Date: Tue Nov 28 from 6pm to 9pm
Location:
• Last names A-B: 200-002
• Last names C-H: CUBAUD
• Last names I-P: HEWLETT 200
• Last names Q-U: STLC 111
• Last names V-X: 420-041
• Last names Y-Z: 260-113

For SCPD students, your exams will be distributed through the SCPD office once you have set up an exam monitor.

• Project (20%): The final project provides an opportunity for you to use the tools from class to build something interesting of your choice. Projects should be done in groups of up to three. The project will be something that you work on throughout the course and we have set up some milestones to help you along the way:

See the project page for more details.

Regardless of the group size, all groups must submit the same basic amount of work as detailed in each milestone. Of course, the experiments may not always be successful, so we will cut the smaller groups more slack, while larger groups are expected to be more thorough in their experiments.

For inspiration, we have made previous CS221 projects available for viewing.

• Piazza: You will be awarded with up to 2% extra credit if you answer other students' questions in a substantial and helpful way.

Assignments

Written assignments: Homeworks should be written up clearly and succinctly; you may lose points if your answers are unclear or unnecessarily complicated. Here is an example of what we are looking for. You are encouraged to use LaTeX to writeup your homeworks (here's a template), but this is not a requirement. You will receive one (1) bonus point for submitting a typed written assignment (e.g. LaTeX, Microsoft Word). We will accept scanned handwritten assignments but they will not receive the bonus point.
Programming assignments: The grader runs on Python 2.7, which is not guaranteed to work with newer versions (Python 3) or older versions (below 2.7). Please use Python 2.7 to develop your code.

Although we recommend that you use a UNIX environment (e.g., Linux or OS X), the sanity check script grader.py should work on Windows as well. Note that no matter what OS you use, you will need to submit the assignments on corn machines. The final grading will be run on Linux servers.

The submitted code will not be graded if it has one of the following issues:

• The code does not run on corn.stanford.edu. In particular, Python packages outside the standard library are not guaranteed to work.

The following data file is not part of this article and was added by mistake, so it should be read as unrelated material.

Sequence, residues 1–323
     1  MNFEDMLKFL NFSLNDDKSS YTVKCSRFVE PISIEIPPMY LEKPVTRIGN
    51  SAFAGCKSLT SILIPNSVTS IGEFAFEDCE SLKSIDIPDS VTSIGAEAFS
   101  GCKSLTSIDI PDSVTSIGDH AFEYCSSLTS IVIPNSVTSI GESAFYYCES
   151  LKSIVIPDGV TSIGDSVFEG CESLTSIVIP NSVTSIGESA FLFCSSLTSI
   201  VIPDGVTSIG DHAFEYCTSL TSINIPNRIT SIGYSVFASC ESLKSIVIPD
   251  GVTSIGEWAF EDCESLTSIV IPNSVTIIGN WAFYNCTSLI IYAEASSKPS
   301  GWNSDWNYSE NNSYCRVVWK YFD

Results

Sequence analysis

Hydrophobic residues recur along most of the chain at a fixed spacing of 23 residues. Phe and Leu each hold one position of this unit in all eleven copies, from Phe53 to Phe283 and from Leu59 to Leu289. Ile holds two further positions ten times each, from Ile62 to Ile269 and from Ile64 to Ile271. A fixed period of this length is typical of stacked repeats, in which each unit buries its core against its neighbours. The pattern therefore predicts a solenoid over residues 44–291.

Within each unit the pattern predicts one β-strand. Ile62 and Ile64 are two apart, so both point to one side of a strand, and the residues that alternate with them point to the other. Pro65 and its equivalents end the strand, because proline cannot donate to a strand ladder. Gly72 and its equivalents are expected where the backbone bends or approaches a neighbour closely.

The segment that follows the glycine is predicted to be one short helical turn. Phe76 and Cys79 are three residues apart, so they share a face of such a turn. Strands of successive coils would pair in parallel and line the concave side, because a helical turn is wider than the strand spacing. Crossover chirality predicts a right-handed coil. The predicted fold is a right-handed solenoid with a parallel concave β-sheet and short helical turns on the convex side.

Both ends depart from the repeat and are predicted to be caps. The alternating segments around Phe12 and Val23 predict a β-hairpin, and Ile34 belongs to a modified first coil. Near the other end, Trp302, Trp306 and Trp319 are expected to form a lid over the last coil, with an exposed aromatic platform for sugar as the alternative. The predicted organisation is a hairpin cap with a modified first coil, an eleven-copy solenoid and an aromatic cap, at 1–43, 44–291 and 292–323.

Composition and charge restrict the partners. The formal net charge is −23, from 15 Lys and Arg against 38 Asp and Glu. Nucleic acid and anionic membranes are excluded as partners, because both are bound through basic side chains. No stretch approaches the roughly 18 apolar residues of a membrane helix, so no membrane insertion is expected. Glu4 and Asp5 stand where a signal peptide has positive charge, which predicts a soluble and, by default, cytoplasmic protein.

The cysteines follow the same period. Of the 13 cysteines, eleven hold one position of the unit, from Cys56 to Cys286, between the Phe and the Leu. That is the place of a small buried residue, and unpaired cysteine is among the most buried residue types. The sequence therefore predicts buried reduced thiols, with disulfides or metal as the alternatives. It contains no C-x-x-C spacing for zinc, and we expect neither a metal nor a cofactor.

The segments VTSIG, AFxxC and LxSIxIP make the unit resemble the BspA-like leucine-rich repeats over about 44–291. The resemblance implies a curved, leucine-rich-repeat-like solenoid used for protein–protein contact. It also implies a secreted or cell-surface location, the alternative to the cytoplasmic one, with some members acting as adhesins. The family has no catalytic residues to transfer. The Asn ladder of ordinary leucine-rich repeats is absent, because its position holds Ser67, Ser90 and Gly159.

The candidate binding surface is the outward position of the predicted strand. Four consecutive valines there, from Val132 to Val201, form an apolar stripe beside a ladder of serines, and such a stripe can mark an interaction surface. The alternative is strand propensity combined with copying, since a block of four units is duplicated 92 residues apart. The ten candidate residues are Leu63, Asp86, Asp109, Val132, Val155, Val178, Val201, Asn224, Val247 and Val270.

• The code quits unexpectedly. To prevent this, do not use quit(), exit(), sys.exit(), os._exit().
• The code reads external resources other than the files given in the assignment.
• The code is malicious. This is considered a violation of the honor code. The score of the assignment will be zero (0) and the incident will be reported to the Office of Judicial Affairs.
Collaboration policy and honor code: You are free to form study groups and discuss homeworks and projects. However, you must write up homeworks and code from scratch independently. The following are considered to be honor code violations:
• Looking at the writeup or code of another student.
• Showing your writeup or code to another student.
• Discussing homework problems in such detail that your solution (writeup or code) is almost identical to another student's answer.
• Uploading your writeup or code to a public repository (e.g. github, bitbucket, pastebin) so that it can be accessed by other students.
• Looking at solutions from previous years' homeworks - either official or written up by another student.
When debugging code together, you are only allowed to look at the input-output behavior of each other's programs (so you should write good test cases!). It is important to remember that even if you didn't copy but just gave another student your solution, you are still violating the honor code, so please be careful. We periodically run similarity-detection software over all submitted student programs, including programs from past quarters and any solutions found online on public websites. Anyone violating the honor code will be referred to the Office of Judicial Affairs. If you feel like you made a mistake (it can happen, especially under time pressure!), please reach out to Percy or the head CA; the consequences will be much less severe than if we approach you.